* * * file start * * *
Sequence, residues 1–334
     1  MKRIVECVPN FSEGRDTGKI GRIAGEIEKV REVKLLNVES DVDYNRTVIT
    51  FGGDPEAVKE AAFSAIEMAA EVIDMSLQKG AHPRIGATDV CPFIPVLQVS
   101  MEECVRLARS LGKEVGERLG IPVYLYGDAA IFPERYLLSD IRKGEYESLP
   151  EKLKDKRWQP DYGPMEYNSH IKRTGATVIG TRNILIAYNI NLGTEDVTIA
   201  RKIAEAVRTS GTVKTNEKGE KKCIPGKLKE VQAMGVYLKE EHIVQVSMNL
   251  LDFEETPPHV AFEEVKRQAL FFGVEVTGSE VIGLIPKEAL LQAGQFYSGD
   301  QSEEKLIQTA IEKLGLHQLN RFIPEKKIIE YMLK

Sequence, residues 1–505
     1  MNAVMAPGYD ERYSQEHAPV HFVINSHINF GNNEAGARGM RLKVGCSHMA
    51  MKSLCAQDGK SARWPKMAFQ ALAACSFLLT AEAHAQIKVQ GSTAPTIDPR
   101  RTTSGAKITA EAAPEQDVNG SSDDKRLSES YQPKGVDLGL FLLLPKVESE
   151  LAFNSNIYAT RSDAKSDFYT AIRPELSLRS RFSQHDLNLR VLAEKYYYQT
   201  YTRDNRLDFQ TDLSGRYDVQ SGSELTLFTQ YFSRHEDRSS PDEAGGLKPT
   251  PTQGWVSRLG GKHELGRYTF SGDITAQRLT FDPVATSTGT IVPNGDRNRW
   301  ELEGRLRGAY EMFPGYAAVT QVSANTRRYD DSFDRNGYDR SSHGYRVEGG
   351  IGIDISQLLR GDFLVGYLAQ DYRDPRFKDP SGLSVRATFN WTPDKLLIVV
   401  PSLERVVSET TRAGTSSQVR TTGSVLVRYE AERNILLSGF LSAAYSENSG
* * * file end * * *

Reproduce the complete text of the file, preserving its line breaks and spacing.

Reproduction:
Sequence, residues 1–334
     1  MKRIVECVPN FSEGRDTGKI GRIAGEIEKV REVKLLNVES DVDYNRTVIT
    51  FGGDPEAVKE AAFSAIEMAA EVIDMSLQKG AHPRIGATDV CPFIPVLQVS
   101  MEECVRLARS LGKEVGERLG IPVYLYGDAA IFPERYLLSD IRKGEYESLP
   151  EKLKDKRWQP DYGPMEYNSH IKRTGATVIG TRNILIAYNI NLGTEDVTIA
   201  RKIAEAVRTS GTVKTNEKGE KKCIPGKLKE VQAMGVYLKE EHIVQVSMNL
   251  LDFEETPPHV AFEEVKRQAL FFGVEVTGSE VIGLIPKEAL LQAGQFYSGD
   301  QSEEKLIQTA IEKLGLHQLN RFIPEKKIIE YMLK

Sequence, residues 1–505
     1  MNAVMAPGYD ERYSQEHAPV HFVINSHINF GNNEAGARGM RLKVGCSHMA
    51  MKSLCAQDGK SARWPKMAFQ ALAACSFLLT AEAHAQIKVQ GSTAPTIDPR
   101  RTTSGAKITA EAAPEQDVNG SSDDKRLSES YQPKGVDLGL FLLLPKVESE
   151  LAFNSNIYAT RSDAKSDFYT AIRPELSLRS RFSQHDLNLR VLAEKYYYQT
   201  YTRDNRLDFQ TDLSGRYDVQ SGSELTLFTQ YFSRHEDRSS PDEAGGLKPT
   251  PTQGWVSRLG GKHELGRYTF SGDITAQRLT FDPVATSTGT IVPNGDRNRW
   301  ELEGRLRGAY EMFPGYAAVT QVSANTRRYD DSFDRNGYDR SSHGYRVEGG
   351  IGIDISQLLR GDFLVGYLAQ DYRDPRFKDP SGLSVRATFN WTPDKLLIVV
   401  PSLERVVSET TRAGTSSQVR TTGSVLVRYE AERNILLSGF LSAAYSENSG